By Rob Rains
For five days a week, starting almost as soon as his 2021 season ended and lasting until this year’s spring training began, Gordon Graceffo got in his car and made the 30-minute drive from his home in New Jersey to the Annex Sports Performance training facility.
A fifth-round draft pick by the Cardinals out of Villanova last July, Graceffo made the commitment to follow a diligent training schedule with the hopes that putting in that work would prove to be beneficial during the first full season of his professional career.
The short drive was part of a longer journey Graceffo wants to make – his climb through the Cardinals’ farm system toward his ultimate destination, the major leagues.
Nearing the one-year anniversary of being selected by the Cardinals as the 151st overall pick in last year’s amateur draft, Graceffo has quickly reached Double A Springfield, where the righthanded pitcher is “opening people’s eyes” in the opinion of his manager, Jose Leger.
“He’s got good stuff, that’s the bottom line,” Leger said. “But there’s more to it than having good stuff. It’s what you do with what you have. He’s got good stuff and he’s doing a lot with it.”
Part of the reason for his success, Graceffo believes, is the work he put in last winter training with Damien Akins, a coach at Annex and a former college pitcher himself, at Maryland.
In his most recent start on Thursday night at Arkansas had a no-decision, allowing four runs in 5 1/3 innings. In his first eight starts at the Double A level, Graceffo is 4-1 with a 3.50 ERA. He has struck out 36 batters, walked only nine, and held opposing hitters to a .223 average.
Graceffo was promoted to Springfield on May 24 after ripping through the high Class A Midwest League, where in eight starts for the Peoria Chiefs, he posted a 0.99 ERA over 45 innings, issuing only four walks while recording 56 strikeouts.
He was promoted on the same day as Michael McGreevy, the Cardinals’ first-round pick in last year’s draft.
“Every time you look at him you say, ‘How did he not go in the first round as well?’” McGreevy said. “It’s super fun to watch him go about his business. His work ethic is incredible, something you have to respect. I’m really glad he’s on my team.”
If Graceffo had a crystal ball available on the day he was drafted last year, July 12, where would he have predicted he would be a year into the future?
“Probably not here,” said the 22-year-old Graceffo, standing outside the Cardinals’ locker room. “If somebody had told me back then that I would be here right now, I probably would have told them they were crazy. It couldn’t have worked out much better.”
It’s no surprise to those who know Graceffo best – to his coach at Villanova, Kevin Mulvey; to Akins, his trainer; and to the two scouts primarily responsible for him ending up with the Cardinals, Jim Negrych and Sean Moran.
“Capable of great things”
The day Mulvey remembers thinking that Graceffo had the potential for a bright future in baseball was Feb. 15, 2020.
Graceffo started for Villanova that day against Arizona State, at the time the third-ranked team in the country. In the lineup for the Sun Devils were four players who, five months later, would be among the top 102 selections in the 2020 amateur draft.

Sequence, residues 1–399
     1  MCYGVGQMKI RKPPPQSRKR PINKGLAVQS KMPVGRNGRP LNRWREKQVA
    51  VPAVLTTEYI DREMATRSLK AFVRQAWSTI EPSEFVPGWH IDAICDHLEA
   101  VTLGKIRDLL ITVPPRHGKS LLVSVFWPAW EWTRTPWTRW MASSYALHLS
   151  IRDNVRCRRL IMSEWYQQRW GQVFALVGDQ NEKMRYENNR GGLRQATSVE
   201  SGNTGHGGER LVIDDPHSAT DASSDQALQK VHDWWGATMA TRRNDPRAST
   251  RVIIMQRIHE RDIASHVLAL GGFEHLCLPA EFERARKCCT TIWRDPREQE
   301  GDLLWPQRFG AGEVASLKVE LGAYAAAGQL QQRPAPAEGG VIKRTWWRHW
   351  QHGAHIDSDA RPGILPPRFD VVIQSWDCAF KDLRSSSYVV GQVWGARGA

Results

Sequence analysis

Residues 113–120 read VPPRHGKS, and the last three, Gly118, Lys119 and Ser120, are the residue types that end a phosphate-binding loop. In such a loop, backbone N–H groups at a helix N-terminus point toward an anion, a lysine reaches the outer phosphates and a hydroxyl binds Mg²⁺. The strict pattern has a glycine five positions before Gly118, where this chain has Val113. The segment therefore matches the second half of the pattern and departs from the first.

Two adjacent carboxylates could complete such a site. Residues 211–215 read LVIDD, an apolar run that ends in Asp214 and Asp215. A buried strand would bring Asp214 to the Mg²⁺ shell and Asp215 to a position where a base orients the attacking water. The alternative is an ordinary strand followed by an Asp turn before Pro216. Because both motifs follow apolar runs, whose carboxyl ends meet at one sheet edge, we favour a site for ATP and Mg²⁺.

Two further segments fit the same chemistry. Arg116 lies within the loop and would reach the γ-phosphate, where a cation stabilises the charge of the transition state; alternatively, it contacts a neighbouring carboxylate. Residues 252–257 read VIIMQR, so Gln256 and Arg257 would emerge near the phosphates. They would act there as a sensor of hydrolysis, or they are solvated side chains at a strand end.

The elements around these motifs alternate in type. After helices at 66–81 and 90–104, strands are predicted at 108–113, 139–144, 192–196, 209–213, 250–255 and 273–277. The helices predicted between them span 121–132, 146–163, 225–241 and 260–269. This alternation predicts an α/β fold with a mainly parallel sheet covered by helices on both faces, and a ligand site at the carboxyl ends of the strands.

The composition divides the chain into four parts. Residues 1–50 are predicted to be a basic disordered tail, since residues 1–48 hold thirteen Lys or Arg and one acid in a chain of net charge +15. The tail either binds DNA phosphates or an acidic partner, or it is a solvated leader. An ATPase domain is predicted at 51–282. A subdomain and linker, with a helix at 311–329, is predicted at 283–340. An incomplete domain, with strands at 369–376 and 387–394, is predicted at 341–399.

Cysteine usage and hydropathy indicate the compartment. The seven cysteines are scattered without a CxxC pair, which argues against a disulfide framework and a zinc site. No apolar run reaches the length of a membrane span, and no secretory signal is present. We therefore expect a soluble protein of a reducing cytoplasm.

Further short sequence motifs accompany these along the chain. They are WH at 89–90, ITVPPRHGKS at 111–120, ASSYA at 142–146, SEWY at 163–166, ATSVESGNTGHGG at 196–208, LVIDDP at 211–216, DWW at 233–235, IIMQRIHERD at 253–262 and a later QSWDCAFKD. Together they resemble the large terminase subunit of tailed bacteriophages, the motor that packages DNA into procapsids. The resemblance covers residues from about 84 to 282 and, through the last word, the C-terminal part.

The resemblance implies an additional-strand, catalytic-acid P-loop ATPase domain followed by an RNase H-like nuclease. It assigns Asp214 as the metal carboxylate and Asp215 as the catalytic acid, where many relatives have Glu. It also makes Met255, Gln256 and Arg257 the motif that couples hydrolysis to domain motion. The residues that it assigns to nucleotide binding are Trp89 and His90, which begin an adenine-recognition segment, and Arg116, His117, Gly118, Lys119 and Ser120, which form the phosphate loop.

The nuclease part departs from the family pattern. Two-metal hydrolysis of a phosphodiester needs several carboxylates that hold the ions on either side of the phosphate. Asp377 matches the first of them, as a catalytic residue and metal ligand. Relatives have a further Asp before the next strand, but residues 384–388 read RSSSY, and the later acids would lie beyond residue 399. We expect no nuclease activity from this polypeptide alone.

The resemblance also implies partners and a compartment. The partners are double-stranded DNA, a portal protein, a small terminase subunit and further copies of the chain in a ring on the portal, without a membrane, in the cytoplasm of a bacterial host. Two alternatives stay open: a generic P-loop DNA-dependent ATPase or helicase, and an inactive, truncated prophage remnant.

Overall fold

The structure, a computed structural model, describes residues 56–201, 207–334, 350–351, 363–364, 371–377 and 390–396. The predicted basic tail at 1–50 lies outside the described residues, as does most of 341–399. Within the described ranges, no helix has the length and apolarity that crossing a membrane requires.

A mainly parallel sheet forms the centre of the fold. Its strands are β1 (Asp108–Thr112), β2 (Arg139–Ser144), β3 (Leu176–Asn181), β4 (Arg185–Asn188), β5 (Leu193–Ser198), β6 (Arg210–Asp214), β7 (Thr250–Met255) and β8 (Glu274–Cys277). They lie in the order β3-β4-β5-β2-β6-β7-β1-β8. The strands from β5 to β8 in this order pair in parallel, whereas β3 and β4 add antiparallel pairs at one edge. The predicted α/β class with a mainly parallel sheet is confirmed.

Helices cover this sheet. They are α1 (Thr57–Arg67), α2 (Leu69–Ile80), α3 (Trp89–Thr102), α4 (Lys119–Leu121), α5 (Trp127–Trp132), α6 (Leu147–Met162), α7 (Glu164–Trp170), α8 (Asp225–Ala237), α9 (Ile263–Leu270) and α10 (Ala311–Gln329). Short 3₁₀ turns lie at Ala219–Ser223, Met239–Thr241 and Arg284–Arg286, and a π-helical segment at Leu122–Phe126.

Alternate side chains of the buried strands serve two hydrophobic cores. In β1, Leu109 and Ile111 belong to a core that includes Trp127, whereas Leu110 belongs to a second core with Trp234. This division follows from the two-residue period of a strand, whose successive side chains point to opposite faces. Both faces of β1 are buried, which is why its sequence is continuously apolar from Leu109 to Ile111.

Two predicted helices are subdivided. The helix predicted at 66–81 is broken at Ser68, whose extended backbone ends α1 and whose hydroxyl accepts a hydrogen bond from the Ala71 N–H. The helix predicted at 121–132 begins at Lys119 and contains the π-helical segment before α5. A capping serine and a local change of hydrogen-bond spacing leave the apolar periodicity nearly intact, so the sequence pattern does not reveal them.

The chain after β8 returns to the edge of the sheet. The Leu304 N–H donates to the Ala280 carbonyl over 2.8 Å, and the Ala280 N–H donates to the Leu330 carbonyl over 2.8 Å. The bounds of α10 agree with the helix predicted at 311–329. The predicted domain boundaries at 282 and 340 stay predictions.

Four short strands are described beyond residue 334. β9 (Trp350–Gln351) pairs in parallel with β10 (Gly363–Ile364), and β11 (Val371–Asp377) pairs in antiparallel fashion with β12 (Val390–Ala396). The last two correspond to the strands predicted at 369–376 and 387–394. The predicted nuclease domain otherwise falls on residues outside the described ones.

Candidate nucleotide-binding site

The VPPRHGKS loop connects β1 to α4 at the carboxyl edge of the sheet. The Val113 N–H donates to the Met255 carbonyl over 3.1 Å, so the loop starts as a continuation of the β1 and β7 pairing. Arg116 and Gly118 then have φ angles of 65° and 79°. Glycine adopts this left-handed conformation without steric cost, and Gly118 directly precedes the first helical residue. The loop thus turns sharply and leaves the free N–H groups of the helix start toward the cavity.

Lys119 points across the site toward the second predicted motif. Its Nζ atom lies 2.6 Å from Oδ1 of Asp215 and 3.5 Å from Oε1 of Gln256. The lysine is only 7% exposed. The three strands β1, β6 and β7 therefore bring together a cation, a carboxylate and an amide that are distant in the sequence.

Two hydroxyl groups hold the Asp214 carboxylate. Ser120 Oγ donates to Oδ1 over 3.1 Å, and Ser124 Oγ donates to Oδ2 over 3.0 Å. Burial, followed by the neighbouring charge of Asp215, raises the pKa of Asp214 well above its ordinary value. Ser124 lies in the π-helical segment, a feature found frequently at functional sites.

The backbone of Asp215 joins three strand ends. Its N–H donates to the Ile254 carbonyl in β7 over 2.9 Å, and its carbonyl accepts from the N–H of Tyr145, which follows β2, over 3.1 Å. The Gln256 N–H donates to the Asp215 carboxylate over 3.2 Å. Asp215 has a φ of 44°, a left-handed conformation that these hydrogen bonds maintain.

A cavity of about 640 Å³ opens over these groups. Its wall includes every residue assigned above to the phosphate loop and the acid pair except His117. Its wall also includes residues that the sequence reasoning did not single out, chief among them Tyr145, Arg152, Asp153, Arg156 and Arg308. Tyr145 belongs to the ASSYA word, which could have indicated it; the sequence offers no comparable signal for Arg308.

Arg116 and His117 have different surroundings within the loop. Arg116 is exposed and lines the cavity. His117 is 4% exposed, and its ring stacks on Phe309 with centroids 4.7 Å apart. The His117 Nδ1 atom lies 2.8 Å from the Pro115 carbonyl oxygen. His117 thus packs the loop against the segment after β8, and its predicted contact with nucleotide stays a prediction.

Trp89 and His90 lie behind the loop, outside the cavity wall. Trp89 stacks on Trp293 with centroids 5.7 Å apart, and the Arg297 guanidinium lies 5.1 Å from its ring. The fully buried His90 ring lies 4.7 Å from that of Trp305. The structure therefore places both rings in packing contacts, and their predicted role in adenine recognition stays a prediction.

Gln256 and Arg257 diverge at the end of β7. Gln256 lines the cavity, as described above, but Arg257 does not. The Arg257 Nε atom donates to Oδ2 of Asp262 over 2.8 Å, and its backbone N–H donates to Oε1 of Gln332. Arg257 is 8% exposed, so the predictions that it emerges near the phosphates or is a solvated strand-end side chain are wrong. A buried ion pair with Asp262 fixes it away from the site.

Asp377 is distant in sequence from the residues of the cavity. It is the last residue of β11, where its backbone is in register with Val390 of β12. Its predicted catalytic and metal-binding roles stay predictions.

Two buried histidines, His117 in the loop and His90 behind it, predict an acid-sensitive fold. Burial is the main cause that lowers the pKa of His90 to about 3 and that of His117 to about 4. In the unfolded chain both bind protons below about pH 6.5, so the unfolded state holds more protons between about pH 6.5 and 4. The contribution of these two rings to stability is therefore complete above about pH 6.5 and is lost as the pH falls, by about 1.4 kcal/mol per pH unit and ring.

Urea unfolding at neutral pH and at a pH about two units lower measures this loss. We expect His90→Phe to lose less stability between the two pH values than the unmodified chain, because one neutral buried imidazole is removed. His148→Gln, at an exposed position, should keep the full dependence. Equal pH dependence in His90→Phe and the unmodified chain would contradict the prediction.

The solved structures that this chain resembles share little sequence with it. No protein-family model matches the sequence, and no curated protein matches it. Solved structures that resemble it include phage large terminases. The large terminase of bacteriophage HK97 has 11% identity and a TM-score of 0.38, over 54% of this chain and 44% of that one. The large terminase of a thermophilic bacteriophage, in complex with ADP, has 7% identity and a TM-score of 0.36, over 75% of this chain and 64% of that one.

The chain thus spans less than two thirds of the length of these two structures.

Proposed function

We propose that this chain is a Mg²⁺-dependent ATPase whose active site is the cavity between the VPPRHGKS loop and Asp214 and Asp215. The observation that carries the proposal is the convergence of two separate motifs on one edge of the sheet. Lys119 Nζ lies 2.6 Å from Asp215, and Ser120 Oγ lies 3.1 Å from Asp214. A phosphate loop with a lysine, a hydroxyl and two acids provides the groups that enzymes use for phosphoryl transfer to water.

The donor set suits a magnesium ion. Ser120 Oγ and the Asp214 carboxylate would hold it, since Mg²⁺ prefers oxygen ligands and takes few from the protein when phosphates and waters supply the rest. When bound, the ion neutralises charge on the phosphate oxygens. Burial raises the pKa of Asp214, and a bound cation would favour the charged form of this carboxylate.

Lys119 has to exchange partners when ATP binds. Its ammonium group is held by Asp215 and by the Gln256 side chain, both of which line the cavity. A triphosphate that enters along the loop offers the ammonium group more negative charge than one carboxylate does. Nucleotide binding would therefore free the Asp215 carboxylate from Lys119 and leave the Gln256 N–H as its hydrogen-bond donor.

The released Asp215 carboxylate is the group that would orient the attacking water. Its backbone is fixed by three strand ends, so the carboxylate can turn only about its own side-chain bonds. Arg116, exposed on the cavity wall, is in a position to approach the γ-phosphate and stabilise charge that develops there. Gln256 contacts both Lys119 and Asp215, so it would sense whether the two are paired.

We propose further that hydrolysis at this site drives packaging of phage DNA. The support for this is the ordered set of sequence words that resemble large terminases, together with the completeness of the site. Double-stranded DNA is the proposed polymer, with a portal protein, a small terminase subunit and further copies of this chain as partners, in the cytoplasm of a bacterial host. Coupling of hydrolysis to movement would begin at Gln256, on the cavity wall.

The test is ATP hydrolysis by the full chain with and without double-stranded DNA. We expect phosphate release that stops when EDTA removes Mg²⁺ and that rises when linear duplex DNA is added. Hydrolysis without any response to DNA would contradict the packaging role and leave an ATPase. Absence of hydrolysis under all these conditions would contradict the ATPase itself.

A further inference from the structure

Graceffo allowed just two hits and one run over 5 1/3 innings in a game Villanova won 2-1.
“That’s when I was like, ‘OK, if he can do this against this lineup, there’s no doubt in my mind he’s got it,’” Mulvey said.
Mulvey pitched in 10 major-league games for the Twins and Diamondbacks before his career led to the coaching side. He and Graceffo had multiple conversations about what professional baseball was like.
“I told him early on, ‘Listen Gordon, I’m not trying to prep you to make it to the major leagues. I know you can do that,’” Mulvey said. “’What I want to prep you for is to stay in the major leagues. That’s your goal. As long as you stay healthy and stay consistent with your work ethic and improving as you can, I promise you that you will get there.’
“’You have the skill set and all the tools. It’s just a matter of staying there. That’s a whole another level of commitment and dedication on a daily basis. Most of it is going to be between your ears.”
Mulvey found Graceffo a willing student, ready to listen and do what he needed to do to make himself a better pitcher.
“I wish you could have seen him grow at Villanova,” Mulvey said. “He was just a joy to deal with in every way … every time he pitched you could just sit back and relax and watch and enjoy the Picasso he was painting for you. I can’t say enough about this kid.
“Gordon is capable of great things. He’s a very hard worker, very diligent in his craft. He is a student of the game. He loves the game of baseball. He eats, sleeps, drinks and breathes it. His aptitude for getting better and improving is way up there. His learning curve is pretty steep … it was just a matter of steering him in the right direction.
“He’s always working trying to get better. He’s not going to be satisfied or relax. He’s going to keep pushing to make himself the best he can be.”
“The perfect scenario”
As pick after pick rolled by and the fourth round turned into the fifth during last year’s draft, Negrych, the area scout for the Cardinals who had watched Graceffo the most, was on edge.
“I was a little nervous that he would make it to our pick in the fifth,” Negrych said. “Thankfully he was still there.”
Negrych had watched Graceffo several times during the season, and when the college year ended, Graceffo made three starts in the Cape Cod League, where the Cardinals had another scout watching.
“Aaron Krawiec, our West Coast crosschecker, saw him up there and loved him the same way Jimmy did,” said Moran, the Cardinals Northeast crosschecker. “He didn’t walk anyone, the stuff was good, so he kind of checked that analytics box too.
“Good scouting? For sure. Good teamwork? Absolutely. It was a tough environment to scout in with all the cancellations and quarantines to deal with but Jimmy did such a good job of staying on him, of always believing in the upside.